The American Revolution: The Patriotic Renunciation of Tea and the Switch to Coffee

John Adams wrote to Abigail Adams on July 6, 1774,

I believe I forgot to tell you one Anecdote: When I first came to this House it was late in the Afternoon, and I had ridden 35 miles at least. “Madam” said I to Mrs. Huston, “is it lawfull for a weary Traveller to refresh himself with a Dish of Tea provided it has been honestly smuggled, or paid no Duties?”

“No sir, said she, we have renounced all Tea in this Place. I cant make Tea, but He make you Coffee.” Accordingly I have drank Coffee every Afternoon since, and have borne it very well. Tea must be universally renounced. I must be weaned, and the sooner, the better.

So why the transition to coffee?

In 1773, the British Parliament passed the Tea Act, a bill designed to save the faltering East India Company. Many colonists viewed the act as yet another example of tyrannical taxation, because it left an earlier duty on tea entering the colonies in place, while removing the duty on tea entering England.

In December 1773, Patriots boarded British ships carrying East Indian Company tea dressed as Mohawk Indians and dumped the tea chests aboard, valued then at £18,000 (nearly $1 million in today’s money) into the water. This became known as the Boston Tea Party. [Interestingly, the Boston Tea party was planned in a coffee house called the Green Dragon].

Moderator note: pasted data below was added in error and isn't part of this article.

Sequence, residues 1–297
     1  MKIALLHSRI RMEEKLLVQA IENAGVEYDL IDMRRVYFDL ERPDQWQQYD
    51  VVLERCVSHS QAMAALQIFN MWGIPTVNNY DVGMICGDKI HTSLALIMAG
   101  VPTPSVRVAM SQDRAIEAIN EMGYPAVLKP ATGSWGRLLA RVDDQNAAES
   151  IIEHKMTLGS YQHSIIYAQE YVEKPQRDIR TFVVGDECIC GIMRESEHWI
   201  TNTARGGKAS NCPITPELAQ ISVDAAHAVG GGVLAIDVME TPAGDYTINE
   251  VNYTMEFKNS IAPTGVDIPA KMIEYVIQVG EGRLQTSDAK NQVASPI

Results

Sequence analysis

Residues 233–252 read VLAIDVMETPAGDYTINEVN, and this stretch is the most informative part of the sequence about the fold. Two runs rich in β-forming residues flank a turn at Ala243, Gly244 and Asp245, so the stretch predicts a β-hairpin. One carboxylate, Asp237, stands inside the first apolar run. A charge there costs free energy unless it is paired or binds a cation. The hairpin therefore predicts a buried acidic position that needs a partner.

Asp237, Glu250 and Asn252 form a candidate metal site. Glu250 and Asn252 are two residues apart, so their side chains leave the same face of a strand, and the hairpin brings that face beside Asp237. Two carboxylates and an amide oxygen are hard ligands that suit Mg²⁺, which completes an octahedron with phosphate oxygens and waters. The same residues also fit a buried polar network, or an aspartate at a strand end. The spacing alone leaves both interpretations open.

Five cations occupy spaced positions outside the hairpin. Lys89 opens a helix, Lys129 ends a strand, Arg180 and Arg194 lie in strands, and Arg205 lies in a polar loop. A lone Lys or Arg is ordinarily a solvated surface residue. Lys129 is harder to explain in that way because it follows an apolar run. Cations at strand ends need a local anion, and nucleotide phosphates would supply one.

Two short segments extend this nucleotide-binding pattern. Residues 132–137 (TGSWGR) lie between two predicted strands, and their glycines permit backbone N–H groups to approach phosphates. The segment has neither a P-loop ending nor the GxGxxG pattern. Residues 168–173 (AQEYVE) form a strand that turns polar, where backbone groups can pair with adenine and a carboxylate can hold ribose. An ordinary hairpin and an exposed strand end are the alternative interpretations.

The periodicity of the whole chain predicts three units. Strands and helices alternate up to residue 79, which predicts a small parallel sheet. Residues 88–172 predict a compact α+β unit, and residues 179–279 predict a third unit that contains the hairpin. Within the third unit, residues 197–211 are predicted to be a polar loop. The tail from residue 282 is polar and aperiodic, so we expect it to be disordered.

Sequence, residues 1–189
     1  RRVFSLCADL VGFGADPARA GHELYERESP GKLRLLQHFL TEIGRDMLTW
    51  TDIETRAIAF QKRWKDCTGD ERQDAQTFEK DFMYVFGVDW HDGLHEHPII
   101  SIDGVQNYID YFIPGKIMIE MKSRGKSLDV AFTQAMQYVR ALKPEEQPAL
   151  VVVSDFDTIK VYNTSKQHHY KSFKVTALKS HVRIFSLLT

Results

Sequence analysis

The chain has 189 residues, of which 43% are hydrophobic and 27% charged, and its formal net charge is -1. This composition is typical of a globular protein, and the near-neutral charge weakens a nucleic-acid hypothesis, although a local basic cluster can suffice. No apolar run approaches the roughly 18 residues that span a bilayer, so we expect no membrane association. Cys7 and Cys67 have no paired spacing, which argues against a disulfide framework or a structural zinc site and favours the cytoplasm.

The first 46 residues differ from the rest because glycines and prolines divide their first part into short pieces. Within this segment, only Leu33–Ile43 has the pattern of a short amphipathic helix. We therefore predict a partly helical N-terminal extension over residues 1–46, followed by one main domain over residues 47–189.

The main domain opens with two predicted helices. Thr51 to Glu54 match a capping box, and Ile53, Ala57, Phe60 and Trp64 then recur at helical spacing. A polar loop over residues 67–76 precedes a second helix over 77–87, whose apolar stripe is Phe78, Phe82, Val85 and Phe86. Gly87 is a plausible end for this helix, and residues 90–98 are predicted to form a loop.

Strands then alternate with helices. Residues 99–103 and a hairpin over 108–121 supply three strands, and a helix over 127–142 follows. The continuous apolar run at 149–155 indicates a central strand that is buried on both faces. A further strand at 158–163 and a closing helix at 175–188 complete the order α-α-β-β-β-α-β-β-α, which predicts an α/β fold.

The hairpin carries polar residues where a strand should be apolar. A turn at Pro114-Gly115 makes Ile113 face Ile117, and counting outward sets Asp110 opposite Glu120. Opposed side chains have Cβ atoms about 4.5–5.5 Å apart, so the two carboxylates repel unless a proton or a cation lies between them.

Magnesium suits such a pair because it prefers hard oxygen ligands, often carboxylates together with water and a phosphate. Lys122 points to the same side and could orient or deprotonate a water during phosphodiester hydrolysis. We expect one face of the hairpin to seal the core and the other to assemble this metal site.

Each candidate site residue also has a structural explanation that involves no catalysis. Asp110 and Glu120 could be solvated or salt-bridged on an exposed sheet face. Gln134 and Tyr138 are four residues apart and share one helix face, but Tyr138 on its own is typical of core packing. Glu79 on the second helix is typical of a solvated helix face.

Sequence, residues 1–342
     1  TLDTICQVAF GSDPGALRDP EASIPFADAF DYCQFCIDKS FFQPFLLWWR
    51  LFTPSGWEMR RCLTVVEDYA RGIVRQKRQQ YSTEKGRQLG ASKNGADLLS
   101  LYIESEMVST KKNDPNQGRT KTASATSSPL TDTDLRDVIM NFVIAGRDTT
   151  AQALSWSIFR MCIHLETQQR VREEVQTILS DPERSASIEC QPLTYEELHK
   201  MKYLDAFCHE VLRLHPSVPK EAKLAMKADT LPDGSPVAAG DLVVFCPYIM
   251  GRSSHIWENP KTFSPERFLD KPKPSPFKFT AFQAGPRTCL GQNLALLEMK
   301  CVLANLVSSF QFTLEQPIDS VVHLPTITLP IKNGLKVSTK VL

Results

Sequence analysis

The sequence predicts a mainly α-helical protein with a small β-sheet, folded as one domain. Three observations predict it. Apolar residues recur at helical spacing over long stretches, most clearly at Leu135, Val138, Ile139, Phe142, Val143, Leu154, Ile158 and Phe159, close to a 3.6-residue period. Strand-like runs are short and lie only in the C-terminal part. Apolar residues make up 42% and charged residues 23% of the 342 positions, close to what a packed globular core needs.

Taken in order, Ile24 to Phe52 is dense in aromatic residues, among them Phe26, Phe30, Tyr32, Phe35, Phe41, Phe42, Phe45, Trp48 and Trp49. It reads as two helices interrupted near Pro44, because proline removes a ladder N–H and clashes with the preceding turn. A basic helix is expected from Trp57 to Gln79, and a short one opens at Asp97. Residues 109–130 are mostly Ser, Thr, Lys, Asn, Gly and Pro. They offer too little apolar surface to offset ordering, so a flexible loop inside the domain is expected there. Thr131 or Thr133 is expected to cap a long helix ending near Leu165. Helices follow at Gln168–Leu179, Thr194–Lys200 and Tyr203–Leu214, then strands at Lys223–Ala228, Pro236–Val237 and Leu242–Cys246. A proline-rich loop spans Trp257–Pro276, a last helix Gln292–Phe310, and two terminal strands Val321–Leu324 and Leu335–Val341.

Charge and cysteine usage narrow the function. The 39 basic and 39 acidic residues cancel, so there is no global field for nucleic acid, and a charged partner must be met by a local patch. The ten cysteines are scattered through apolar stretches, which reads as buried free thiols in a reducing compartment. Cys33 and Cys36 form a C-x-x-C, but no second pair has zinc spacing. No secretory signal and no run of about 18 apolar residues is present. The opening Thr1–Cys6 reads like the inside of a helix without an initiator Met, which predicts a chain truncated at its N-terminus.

Outraged by the destruction of British property in Boston and elsewhere, Parliament enacted the Coercive (or “Intolerable”) Acts in 1774. These acts established formal British military rule in Massachusetts, closed the port of Boston to merchant shipping, immunized British officials from prosecution, and required colonists to quarter British troops. This, in turn, leads the colonists to call the first Continental Congress to consider unified colonial resistance to British oppression.

Once imported tea became politicized as a drink fit only for loyalists to the Crown, it dropped out of fashion. Tea drinkers were criticized by their neighbors, and a new age of coffee drinking dawned. Grown in the New World, coffee did not represent British economic interests. It was hot and highly caffeinated, and it retained much of its popularity even after the Revolution, when tea drinking no longer made one a pariah.

According to historian Libby O’Connell

Coffee would completely eclipse hot tea in 1865, when Union soldiers trooped home from the Civil War. The U.S. government had issued coffee as part of their standard rations, and returning veterans kept right on drinking it. By the 20th century, people drank coffee everywhere in the United States.

 

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